January 9,17

The planned outage of DSM’s Provincial Laboratory Information System, originally scheduled for Sunday, January 15, has been postponed. DSM will advise of a new date in the coming weeks and apologizes for any inconvenience.

 

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Unique FISH Lab: Crossing Disciplines, Creating Opportunity

December 14,16

What do you get when you cross Genetics with Pathology and Hematology? FISH, of course.

DSM’s new FISH (fluorescent in situ hybridization) Lab is a first for DSM in that it has brought three disciplines together to create a multidisciplinary service that will improve testing capabilities and access for all three disciplines.

“The creation of this lab presented a unique first opportunity to change the way we look at things,” said Lisa Manning, Pathology Technical Director. “Coming from a culture of working independently within our own disciplines to having multiple disciplines collaborating on a common service is a new concept.”

FISH is a genetic test used to detect a specific DNA sequence on a chromosome, mapping genetic material in a person’s cells. Historically, the test has been used to visualize DNA rearrangements to diagnose microdeletion syndromes, which are chromosome deletions too small to be detected by conventional cytogenetic methods. As science discovered more about the genetic association between cancers and other diseases, the applications for FISH testing grew. FISH now has a role in determining best treatment options for cancer patients as well as monitoring effectiveness during treatment.

“We are gaining time,” said Dr. Angie Dawson, Molecular Cytogeneticist and Director of DSM’s Cytogenetics Laboratory, referring to what she regards as the biggest improvement that FISH will bring. “We are learning not only new technical and interpretive skills, but also the terminology and frames of reference of other disciplines. This will be evidenced by a reduction in send-outs, which will allow for earlier diagnosis and initiation of appropriate therapy and, hopefully, an improvement in outcomes.”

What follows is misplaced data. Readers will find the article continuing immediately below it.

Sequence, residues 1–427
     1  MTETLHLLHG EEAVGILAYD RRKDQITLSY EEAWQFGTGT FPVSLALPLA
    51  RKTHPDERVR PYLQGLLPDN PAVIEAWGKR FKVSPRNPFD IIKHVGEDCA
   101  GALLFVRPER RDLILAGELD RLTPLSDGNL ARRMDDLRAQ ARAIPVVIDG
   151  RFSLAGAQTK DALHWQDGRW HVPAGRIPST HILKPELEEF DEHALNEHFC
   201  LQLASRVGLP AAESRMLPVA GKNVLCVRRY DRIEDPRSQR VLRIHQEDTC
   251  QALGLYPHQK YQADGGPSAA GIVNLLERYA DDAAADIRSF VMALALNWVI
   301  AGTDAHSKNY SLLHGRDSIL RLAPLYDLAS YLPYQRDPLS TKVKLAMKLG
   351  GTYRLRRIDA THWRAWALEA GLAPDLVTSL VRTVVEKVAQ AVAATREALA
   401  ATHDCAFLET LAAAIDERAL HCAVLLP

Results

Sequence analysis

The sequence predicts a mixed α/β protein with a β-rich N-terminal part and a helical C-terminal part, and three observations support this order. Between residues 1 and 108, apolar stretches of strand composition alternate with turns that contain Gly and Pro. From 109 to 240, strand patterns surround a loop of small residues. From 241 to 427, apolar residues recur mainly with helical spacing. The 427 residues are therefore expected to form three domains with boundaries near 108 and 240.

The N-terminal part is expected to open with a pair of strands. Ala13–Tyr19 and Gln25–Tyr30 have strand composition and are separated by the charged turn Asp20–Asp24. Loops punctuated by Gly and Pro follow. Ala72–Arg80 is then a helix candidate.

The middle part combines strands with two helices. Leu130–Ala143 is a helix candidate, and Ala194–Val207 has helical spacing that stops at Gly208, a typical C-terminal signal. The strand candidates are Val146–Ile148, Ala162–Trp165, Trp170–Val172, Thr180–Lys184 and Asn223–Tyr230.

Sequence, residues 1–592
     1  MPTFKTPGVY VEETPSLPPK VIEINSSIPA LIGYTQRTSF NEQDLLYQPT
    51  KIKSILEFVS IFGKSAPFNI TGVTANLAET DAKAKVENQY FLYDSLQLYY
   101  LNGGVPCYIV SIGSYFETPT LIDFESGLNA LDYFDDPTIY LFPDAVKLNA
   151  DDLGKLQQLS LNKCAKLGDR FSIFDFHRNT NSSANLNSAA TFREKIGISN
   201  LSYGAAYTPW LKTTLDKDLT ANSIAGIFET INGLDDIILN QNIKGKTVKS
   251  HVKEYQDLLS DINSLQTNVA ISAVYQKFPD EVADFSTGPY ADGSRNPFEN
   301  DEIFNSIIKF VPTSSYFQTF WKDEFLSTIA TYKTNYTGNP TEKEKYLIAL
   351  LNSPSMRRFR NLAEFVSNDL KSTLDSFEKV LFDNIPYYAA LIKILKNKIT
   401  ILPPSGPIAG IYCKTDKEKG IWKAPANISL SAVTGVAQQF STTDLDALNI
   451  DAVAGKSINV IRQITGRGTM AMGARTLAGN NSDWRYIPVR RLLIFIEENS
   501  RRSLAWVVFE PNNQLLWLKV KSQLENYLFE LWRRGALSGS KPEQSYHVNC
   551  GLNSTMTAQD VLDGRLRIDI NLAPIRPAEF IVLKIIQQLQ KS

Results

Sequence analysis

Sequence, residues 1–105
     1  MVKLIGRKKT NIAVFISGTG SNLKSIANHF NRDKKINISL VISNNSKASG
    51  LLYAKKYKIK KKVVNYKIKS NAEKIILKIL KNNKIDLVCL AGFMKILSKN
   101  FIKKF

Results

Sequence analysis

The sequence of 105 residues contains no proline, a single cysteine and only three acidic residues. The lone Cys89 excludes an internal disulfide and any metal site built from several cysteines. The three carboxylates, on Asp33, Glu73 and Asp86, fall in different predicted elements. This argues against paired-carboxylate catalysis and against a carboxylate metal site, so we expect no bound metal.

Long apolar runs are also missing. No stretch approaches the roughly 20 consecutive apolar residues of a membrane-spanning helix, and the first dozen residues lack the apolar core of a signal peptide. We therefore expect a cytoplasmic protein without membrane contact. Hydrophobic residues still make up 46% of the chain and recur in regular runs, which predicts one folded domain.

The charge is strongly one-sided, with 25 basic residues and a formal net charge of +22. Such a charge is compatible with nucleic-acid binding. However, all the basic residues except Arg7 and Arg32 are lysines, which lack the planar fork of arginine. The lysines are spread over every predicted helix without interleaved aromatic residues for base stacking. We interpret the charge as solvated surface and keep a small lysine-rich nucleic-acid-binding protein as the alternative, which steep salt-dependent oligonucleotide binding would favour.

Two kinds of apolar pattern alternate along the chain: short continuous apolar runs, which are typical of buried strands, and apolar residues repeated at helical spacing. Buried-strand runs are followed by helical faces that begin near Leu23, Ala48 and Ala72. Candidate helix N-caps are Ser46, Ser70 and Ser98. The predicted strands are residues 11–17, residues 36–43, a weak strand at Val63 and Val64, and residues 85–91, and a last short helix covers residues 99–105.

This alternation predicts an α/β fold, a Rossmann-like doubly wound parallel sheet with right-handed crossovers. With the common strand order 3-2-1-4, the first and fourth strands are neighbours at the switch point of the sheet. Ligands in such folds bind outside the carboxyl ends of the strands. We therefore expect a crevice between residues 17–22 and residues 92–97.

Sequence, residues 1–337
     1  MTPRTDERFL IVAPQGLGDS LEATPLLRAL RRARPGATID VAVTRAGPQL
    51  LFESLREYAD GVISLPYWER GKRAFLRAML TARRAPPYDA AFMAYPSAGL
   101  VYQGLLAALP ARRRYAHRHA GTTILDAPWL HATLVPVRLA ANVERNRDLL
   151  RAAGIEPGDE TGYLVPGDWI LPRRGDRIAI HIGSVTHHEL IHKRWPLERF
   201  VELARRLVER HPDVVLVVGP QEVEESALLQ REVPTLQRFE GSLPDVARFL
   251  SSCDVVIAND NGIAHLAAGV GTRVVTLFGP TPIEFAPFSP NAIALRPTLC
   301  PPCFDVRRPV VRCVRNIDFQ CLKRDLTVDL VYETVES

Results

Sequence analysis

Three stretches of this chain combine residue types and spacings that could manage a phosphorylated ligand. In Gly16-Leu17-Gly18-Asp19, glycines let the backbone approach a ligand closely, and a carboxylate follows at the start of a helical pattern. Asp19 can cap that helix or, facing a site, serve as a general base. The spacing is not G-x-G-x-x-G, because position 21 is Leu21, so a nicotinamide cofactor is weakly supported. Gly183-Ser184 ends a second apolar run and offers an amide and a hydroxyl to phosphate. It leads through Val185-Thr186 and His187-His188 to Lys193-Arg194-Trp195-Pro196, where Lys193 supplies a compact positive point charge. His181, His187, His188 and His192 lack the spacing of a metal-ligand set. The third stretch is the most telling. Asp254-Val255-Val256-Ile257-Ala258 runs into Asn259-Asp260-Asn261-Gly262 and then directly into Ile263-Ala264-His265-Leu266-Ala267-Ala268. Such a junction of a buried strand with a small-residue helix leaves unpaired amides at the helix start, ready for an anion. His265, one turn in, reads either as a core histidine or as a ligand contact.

The DSM multidisciplinary FISH lab was able to acquire two new and sophisticated technologies that would not have been possible as individual discipline labs: a high capacity loader, which speeds up the analytical process by automatically scanning slides with the appropriate FISH probes; and a SKY (spectral karyotyping) interferometer, which uses spectral karyotyping to solve complex chromosomal rearrangements for both constitutional and oncology samples, not identifiable by standard cytogenetic techniques.

Genetic testing is very detail oriented and requires great precision and skills. As revolutionary as the new SKY equipment is, it still requires approximately three days to manually prepare cells for analysis using this technology. Cells need to be sequencially ordered under a microscope and then individually dyed with the appropriate combination of five unique dyes to make up 24 distinguishable colours that will allow SKY to identify the 22 autosome chromosome pairs and the gender X and Y chromosomes.

Since the acquisition of this new equipment, SKY has been successfully utilized in leukemia patients to identify abnormalities that would have previously remained unidentified. In addition, a manual FISH test to determine the presence of the X and/or Y chromosomes in Turner syndrome patients and newborns with ambiguous genitalia has been automated on the new system, allowing for a faster turn-around-time. We have also validated a new FISH test to detect variants of acute promyelocytic leukemia (APL), which is associated with a high tendency to life threatening disseminated intravascular coagulation (DIC). As well, FISH tests for multiple cancer genes involved in lymphomas and solid tumours are currently under validation. We are also proceeding with the development of FISH tests for chronic lymphocytic leukemia (CLL) and multiple myeloma (MM), which we anticipate to be implemented next year.

“Not only are we sharing equipment and reagents but we are bringing together the expertise of multiple disciplines and sharing these highly skilled staff,” said Lisa.

Dr. Michel Nasr, Hematopathologist, credits the success of this project to the teamwork of its users, and their recognition that multidisciplinary understanding and cooperation results in more effective and comprehensive patient care.

“The establishment of local infrastructure for FISH testing will allow for the development and implementation of future tests and has the potential to foster scholarly research,” he said.

The numerous advantages of this multidisciplinary approach make this a model project for other potential collaborations.

“This is only the beginning for the FISH Lab and for multidisciplinary partnerships,” emphasized Lisa. “As we explore ways to innovate our services more and more shared opportunities will present themselves.”